Niall Ferguson

Senior Fellow
Biography: 

Niall Ferguson, Hoover senior fellow, is the Laurence A. Tisch Professor of History at Harvard University and a noted author.

Ferguson's books include The Shock of the Global: The 1970s in Perspective (2010), High Financier: The Lives and Time of Siegmund Warburg (2010), and The Ascent of Money: A Financial History of the World (Penguin, 2008). His first book, Paper and Iron: Hamburg Business and German Politics in the Era of Inflation 1897–1927 (Cambridge University Press, 1995), was short-listed for the History Today Book of the Year award; the collection of essays he edited, Virtual History: Alternatives and Counterfactuals (Macmillan, 1997), was a best seller in the United Kingdom.

In 1998 he published, to international critical acclaim, The Pity of War: Explaining World War One (Basic Books) and The World's Banker: The History of the House of Rothschild (Penguin). The latter won the Wadsworth Prize for Business History and was also short-listed for the Jewish Quarterly/Wingate Literary Award and the American National Jewish Book Award. In 2001 he published The Cash Nexus: Money and Power in the Modern World, 1700–2000 (Basic), the product of a year as Houblon-Norman Fellow at the Bank of England.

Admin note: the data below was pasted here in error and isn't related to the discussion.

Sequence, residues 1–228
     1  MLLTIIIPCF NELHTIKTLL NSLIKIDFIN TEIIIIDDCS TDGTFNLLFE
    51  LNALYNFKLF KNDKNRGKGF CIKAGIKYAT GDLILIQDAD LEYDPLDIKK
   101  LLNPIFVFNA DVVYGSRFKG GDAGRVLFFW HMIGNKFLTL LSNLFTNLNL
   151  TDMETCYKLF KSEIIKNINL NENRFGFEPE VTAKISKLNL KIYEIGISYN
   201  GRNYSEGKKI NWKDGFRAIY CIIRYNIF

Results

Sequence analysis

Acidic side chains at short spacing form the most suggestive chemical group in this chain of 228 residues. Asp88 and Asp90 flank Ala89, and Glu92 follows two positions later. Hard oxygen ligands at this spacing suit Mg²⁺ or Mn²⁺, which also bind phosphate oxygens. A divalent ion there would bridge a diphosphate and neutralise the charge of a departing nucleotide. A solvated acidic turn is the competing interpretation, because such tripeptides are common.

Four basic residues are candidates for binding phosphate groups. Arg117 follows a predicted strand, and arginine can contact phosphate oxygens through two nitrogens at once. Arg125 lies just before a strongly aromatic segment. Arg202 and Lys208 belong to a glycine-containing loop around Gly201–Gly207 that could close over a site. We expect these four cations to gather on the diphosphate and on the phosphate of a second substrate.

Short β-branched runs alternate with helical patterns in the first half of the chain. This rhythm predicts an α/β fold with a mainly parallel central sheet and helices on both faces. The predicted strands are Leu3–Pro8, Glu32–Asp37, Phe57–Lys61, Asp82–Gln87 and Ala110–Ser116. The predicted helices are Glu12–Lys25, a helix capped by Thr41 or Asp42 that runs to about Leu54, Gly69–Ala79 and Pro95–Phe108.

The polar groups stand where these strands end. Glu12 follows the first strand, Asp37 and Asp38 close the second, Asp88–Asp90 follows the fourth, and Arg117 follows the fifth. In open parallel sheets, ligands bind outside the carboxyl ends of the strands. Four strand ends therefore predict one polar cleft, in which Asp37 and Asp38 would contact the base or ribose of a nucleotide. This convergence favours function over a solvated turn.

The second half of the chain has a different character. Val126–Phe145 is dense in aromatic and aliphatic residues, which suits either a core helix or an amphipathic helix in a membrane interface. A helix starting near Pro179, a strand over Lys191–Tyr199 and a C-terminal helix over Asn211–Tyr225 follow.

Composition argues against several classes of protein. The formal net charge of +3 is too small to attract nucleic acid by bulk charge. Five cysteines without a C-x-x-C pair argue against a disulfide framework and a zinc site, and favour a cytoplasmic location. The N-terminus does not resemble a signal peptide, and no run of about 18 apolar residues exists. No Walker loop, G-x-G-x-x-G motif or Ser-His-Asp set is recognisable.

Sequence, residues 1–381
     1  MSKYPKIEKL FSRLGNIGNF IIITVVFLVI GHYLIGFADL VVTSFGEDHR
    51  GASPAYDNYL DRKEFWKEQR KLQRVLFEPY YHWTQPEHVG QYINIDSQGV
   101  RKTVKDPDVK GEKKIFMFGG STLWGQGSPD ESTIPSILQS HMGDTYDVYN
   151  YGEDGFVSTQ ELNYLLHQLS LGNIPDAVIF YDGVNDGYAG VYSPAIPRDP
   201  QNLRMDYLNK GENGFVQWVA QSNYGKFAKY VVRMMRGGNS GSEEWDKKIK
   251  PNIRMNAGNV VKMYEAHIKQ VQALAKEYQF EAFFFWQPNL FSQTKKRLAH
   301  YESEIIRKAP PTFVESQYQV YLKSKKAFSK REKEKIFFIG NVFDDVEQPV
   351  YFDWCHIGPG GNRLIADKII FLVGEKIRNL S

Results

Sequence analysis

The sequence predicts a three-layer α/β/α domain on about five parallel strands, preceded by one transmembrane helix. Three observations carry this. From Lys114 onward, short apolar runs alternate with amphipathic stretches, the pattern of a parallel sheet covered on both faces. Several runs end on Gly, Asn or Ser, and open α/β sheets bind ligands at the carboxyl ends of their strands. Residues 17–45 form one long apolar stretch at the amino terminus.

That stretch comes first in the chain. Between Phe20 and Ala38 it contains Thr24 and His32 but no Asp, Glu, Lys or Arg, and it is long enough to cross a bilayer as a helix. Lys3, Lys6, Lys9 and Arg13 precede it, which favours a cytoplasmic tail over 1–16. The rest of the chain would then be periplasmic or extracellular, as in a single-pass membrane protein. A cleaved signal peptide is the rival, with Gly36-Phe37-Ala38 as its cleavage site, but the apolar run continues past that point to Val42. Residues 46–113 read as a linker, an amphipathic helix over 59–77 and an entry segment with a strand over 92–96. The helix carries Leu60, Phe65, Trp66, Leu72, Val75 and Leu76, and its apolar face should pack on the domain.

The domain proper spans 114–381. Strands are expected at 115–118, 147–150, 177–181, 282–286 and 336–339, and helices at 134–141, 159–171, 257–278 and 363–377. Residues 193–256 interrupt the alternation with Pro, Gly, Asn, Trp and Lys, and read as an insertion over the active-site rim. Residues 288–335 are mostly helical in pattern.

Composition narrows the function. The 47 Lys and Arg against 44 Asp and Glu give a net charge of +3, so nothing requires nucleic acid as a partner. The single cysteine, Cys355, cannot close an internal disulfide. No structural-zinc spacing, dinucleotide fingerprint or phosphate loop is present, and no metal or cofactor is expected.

His books have been translated and published in numerous countries, including the Czech Republic, Finland, Germany, Italy, Spain, South Korea, and Taiwan.

He is a regular contributor to television and radio. In 2003 he wrote and presented six-part history of the British Empire for Channel 4 n the United Kingdom. The accompanying book, Empire: The Rise and Demise of the British World Order and the Lessons for Global Power (Basic), was a best seller in both Britain and the United States. He also wrote and presented the two-hour film American Colossus, broadcast in the UK in 2004.

He has just completed a six-part history of the twentieth century, The War of the World, to be broadcast in the UK in 2006.

A prolific commentator on contemporary politics, he writes and reviews regularly for the British and American press. He and his family divide their time between the United States and the United Kingdom.